Means either (i) "person from Gilby", Lincolnshire ("Gilli's farm"); or (ii) "little Gilbert".
GILFORD English
English or Welsh.
GILKESON English, Scottish
From the Scottish Gilchristson(son of Gilchrist) meaning "son of the servant/devotee of Christ"
GILL English
Topographic name for someone who lived by a ravine or deep glen, Middle English gil(l), Old Norse gil "ravine"
GILLARD English
English from a pejorative derivative of the personal name Giles.
GILLARD English, French, Swiss
English and French from an assimilated form of the personal name Gislehard, a compound of Old High German gisel ‘hostage’, ‘pledge’, ‘noble youth’ (see Giesel) + hard ‘hardy’... [more]
GILLETTE English, French
English: from a feminine form of Gillett.... [more]
GILLIARD English, Northern Irish
English and northern Irish (county Down) variant of Gillard.
GILLIBRAND English
From the Norman personal name Gillebrand, of Germanic origin and meaning literally "hostage-sword".
GILMORE English, Irish
Gilmore is a surname with several origins and meanings:... [more]
GILPIN English, Irish, Northern Irish
English: in the northeast, from the Gilpin river in Cumbria; in southern counties, probably a variant of Galpin. ... [more]
GILSTRAP English (British, Anglicized, Rare)
This is a place name acquired from once having lived at a place spelled Gill(s)thorp(e), Gilsthorp(e), Gill(s)throp(e) or Gil(s)throp(e) located in the Old Danelaw area of England.... [more]
GINGELL English
Either (i) from a shortened form of the Germanic personal name Gangulf, literally "walking wolf"; or (ii) a different form of Gingold.
GIRLING English
From a medieval nickname applied to a brave man (or, with heavy irony, to a cowardly one), from Old French cuer de lion "lion heart".
GLAD English
From a short form of the various Old English personal names with a first element glæd "shining, joyful". Compare Gladwin.
GLAD English, Scandinavian
Nickname for a cheerful person, from Middle English, Scandinavian glad "merry, jolly".
GLADNEY English
Probably means "bright island", from the Old English element glæd "bright" (cf. Glædwine) and the English element ney "island" (cf.... [more]
GLEAVE English
Means either "sword-maker" or "sword-seller", or else from a nickname applied to a skilled swordsman (in either case from Middle English gleyve "sword").
GLENDON Scottish, English
From the first name, which means "from the dark glen" in Scottish Gaelic.
GLISSEN English, Irish
Possible British version of the Irish surname Glasson from the the Gaelic word O’Glasain. Meaning green from the counties of Tipperary.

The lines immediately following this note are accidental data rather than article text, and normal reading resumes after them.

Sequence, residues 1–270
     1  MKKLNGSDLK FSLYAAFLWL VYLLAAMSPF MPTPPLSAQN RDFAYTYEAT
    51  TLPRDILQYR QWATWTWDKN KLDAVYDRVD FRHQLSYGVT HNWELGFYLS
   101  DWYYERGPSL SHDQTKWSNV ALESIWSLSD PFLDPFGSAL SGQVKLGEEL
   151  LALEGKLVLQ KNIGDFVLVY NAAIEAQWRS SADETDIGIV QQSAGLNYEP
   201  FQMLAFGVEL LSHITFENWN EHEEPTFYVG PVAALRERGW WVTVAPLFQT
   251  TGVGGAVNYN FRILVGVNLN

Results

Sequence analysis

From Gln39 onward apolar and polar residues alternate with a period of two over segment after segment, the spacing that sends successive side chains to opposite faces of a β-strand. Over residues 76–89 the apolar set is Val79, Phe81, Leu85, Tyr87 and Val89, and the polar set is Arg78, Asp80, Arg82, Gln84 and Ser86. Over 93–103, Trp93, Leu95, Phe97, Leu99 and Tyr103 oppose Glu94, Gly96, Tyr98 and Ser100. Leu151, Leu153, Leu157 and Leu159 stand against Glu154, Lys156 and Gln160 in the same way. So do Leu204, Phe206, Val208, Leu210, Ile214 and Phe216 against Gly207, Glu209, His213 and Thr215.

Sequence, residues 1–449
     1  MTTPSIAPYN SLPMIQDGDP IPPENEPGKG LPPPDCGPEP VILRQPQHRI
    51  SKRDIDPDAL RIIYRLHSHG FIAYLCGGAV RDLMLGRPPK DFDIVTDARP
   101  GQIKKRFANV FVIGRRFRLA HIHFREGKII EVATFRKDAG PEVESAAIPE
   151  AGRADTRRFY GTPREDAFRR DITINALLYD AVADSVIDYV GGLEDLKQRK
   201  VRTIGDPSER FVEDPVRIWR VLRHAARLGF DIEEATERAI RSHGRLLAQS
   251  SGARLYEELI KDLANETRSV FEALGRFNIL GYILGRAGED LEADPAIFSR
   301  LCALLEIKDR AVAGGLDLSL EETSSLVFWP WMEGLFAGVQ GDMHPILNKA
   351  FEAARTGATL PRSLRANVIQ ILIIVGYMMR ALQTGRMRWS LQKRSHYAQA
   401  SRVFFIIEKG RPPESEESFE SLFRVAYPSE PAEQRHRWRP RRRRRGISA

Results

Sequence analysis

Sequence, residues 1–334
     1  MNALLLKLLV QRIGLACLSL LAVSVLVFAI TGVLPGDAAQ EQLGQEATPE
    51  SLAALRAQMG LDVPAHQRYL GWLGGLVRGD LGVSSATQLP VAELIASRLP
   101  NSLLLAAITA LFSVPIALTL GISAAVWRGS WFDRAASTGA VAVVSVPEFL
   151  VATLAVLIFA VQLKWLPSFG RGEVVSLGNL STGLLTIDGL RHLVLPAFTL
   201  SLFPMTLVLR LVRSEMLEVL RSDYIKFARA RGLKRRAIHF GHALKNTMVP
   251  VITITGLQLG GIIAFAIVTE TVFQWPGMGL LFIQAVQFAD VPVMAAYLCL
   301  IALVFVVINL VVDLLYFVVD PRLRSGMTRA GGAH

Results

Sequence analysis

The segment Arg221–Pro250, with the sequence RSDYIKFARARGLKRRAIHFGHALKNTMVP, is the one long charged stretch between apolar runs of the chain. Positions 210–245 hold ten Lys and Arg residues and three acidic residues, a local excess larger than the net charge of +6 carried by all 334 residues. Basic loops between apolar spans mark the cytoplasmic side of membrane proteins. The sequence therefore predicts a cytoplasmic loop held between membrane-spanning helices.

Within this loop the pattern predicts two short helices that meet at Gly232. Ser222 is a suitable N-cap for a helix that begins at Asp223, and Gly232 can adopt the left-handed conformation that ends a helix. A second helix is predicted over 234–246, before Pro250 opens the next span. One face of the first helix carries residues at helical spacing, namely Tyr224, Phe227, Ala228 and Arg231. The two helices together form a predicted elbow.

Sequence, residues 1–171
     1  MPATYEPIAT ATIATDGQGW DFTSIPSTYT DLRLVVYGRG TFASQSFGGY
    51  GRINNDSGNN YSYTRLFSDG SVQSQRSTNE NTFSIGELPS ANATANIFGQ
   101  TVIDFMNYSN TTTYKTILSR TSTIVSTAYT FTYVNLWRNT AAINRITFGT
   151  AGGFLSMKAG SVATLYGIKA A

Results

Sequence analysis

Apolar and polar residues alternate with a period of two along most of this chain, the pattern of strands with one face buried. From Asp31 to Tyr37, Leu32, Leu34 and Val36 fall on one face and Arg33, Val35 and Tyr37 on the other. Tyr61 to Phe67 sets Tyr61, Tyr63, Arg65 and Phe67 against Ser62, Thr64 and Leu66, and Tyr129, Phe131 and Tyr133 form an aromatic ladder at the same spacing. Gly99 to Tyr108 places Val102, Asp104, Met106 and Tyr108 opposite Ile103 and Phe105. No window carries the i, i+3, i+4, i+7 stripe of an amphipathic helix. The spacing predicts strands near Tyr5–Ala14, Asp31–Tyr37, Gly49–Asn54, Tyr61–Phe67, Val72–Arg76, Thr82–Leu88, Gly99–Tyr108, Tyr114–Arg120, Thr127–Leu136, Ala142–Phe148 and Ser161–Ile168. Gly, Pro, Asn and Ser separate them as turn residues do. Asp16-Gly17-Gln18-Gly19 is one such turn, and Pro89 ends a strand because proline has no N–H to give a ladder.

GOBER English, French
The surname Gober was first found in Warwickshire where they held a family seat as Lords of the Manor. The Norman influence of English history dominated after the Battle of Hastings in 1066. The language of the courts was French for the next three centuries and the Norman ambience prevailed.
GOBLE English
From “Gobble”, meaning “to gorge, to guzzle”
GODIN English
Comes from the Germanic personal name Godin-, a pet form of any of various compound names beginning with god, got ‘god’. Compare Godbold, Goddard, and Godfrey.
GODWIN English
Derived from the first name Godwine.
GODWINSON English
Means "Son of Godwin". First born by Harold Godwinson. From his father Godwine, Earl of Wessex. Harold was defeated & killed during the battle of Hastings in 1066 by William the Bastard, now known as William the Conqueror.
GOLD English, German
From Old English, Old High German gold "gold", applied as a metonymic occupational name for someone who worked in gold, i.e. a refiner, jeweler, or gilder, or as a nickname for someone who either had many gold possessions or bright yellow hair.
GOLD English
From an Old English personal name Golda (or the feminine Golde), which persisted into the Middle Ages as a personal name. The name was in part a byname from gold "gold", and in part a short form of the various compound names with this first element.
GOLDEN English
From the English word golden which is the yellow color.
GOLDRING German, English, Jewish
This surname was probably given to someone who wore a gold ring.
GOLDSMITH English
Occupational name for a worker in gold, a compound of Old English gold "gold" and smið "smith". In North America it is very often an English translation of German or Jewish Goldschmidt.
GOLSTON English
The Gol part has uncertain meaning, but Ton means "Town".
GOODALL English
Habitational name from Gowdall in East Yorkshire, named from Old English golde "marigold" and Old English halh "nook, recess".
GOODALL English
From Middle English gode "good" and ale "ale, malt liquor", hence a metonymic occupational name for a brewer or an innkeeper.
GOODENOUGH English
From a medieval nickname probably applied either to someone of average abilities or to an easily satisfied person; also, perhaps from a medieval nickname meaning "good servant".
GOODFELLOW English
Generally explained as a nickname meaning 'good fellow' or 'good companion'.
GOODFRIEND English
Nickname for a reliable friend or neighbor, from Middle English gode meaning "good", and frend meaning "friend". It is an English translation and cognate of German Gutfreund, from Middle High German guot meaning "good" and vriunt meaning "friend".